News

Feds approve giant ‘battery’ in Southern Oregon

May 1, 2019

Federal energy regulators on Tuesday approved construction of what would amount to the biggest “battery” in Oregon.

The $800 million Swan Lake North Pumped Storage Hydroelectric Project, 11 miles north of Klamath Falls, would move water between two 60-plus-acre reservoirs separated by more than 1,600 vertical feet, pumping the water uphill when energy is available and sending it downhill through generating turbines when energy is needed.

Pumped storage is an established technology that has proven difficult to build in the U.S. in recent decades. But it’s getting renewed attention with the rise of intermittent renewables like solar and wind.

The Swan Lake project would be able to generate nearly 400 megawatts — just a bit smaller than the Carty natural gas plant Portland General Electric brought online three years ago — for up to nine hours. By comparison, a battery storage system Portland General Electric is including with a wind and solar development in Eastern Oregon will generate just 30 megawatts for four hours.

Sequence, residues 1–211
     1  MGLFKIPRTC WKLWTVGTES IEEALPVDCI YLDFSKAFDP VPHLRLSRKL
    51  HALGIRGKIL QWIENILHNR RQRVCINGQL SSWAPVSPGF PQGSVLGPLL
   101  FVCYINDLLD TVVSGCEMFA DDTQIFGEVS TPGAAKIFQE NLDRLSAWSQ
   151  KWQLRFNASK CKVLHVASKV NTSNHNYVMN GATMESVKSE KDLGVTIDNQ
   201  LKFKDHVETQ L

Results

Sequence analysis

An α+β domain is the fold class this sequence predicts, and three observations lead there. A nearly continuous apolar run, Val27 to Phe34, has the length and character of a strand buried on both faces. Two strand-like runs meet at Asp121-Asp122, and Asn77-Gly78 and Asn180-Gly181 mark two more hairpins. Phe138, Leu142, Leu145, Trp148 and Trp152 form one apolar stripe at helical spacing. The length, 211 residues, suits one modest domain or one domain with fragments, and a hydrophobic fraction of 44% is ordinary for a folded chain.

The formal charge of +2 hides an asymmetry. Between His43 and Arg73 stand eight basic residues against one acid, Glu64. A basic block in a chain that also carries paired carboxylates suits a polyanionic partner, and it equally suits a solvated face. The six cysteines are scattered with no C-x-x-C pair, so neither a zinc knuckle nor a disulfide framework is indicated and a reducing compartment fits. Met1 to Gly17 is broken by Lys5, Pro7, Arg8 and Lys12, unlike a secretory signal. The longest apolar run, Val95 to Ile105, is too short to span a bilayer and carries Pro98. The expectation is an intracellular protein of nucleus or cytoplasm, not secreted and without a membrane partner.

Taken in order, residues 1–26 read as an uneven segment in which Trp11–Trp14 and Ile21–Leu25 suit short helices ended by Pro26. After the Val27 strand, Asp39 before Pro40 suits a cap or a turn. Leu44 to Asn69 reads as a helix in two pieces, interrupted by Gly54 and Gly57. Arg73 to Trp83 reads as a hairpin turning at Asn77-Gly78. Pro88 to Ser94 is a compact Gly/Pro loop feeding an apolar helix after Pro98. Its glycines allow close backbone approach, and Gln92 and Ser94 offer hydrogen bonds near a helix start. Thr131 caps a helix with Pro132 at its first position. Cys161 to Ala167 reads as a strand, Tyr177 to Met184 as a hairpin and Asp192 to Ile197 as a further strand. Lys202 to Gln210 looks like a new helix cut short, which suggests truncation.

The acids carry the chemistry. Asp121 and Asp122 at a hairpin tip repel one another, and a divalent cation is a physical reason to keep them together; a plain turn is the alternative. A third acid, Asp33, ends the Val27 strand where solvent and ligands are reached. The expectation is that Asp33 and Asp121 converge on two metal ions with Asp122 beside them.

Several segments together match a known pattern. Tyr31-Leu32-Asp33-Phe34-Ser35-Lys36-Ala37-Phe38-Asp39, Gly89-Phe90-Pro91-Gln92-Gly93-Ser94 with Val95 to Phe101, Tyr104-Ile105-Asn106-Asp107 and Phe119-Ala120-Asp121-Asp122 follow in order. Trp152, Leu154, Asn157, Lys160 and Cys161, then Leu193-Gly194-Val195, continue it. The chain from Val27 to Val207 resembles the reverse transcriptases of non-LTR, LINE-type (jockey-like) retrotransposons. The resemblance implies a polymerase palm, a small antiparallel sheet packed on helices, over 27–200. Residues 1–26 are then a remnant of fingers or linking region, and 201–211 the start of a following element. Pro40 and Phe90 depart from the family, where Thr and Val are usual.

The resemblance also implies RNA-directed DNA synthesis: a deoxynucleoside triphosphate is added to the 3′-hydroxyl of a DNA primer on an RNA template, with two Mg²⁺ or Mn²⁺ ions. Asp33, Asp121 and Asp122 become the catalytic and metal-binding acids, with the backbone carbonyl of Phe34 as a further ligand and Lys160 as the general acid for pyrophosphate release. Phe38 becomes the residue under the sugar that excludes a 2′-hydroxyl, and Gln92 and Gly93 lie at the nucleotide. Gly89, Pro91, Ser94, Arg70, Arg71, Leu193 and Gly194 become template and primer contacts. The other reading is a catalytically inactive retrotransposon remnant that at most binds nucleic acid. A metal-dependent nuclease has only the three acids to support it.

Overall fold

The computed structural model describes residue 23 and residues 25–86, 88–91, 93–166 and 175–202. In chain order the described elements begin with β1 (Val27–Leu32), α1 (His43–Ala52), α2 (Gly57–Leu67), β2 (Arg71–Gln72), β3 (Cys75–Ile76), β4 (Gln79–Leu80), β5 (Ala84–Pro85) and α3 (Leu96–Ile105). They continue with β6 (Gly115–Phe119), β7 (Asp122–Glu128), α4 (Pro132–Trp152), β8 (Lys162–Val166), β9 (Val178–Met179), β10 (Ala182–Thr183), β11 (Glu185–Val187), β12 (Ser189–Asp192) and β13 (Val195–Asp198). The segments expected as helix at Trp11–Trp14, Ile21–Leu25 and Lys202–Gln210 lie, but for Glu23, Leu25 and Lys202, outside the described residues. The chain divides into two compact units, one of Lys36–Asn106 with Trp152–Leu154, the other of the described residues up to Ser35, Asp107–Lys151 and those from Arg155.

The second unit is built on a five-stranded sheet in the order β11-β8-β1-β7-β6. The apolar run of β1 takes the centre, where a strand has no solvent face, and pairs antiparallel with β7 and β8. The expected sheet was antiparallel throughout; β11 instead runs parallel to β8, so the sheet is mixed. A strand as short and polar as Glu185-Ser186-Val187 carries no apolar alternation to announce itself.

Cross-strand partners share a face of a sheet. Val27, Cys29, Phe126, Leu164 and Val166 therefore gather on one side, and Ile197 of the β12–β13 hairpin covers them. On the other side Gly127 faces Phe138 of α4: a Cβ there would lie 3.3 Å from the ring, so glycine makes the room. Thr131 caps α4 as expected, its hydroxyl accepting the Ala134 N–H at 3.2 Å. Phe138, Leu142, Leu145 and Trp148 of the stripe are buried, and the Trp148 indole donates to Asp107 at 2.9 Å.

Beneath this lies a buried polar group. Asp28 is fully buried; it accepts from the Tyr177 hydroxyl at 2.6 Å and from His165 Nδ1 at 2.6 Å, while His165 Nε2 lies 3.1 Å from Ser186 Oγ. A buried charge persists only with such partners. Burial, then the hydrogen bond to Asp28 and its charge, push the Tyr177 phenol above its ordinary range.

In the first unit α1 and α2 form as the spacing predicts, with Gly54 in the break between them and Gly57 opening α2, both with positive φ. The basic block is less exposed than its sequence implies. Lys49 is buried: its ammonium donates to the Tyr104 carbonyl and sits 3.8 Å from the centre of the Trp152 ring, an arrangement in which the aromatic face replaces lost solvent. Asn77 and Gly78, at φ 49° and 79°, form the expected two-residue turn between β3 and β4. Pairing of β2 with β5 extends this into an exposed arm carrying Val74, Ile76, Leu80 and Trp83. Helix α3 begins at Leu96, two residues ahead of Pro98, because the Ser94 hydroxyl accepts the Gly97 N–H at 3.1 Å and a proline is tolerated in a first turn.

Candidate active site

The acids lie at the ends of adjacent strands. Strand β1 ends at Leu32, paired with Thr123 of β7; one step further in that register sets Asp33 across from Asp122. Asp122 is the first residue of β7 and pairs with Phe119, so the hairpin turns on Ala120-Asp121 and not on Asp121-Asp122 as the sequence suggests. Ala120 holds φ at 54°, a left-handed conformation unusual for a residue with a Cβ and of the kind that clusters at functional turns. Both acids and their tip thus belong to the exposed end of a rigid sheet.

Swan Lake is a joint project between Rye Development and National Grid, which are also in the earlier stages on an even larger project on the Washington side of the Columbia River 110 miles east of Portland.

The license from the Federal Energy Regulatory Commission to construct, operate and maintain the Swan Lake project takes the developers over their last major regulatory hurdle, said Erik Steimle, vice president of project development at Rye.

But before work begins, they’ll need to find customers for the project.

Nate Sandvig of U.S. strategic growth at National Grid, said the developers were “engaged in” utility integrated resource planning processes “where modeling is showing need.” A new commitment to 100 percent renewables in Washington — to go along with California’s similar commitment — as well as early coal retirements in the West highlight the need for bigger and longer storage than can be provided by batteries, he said.

- Portland Business Journal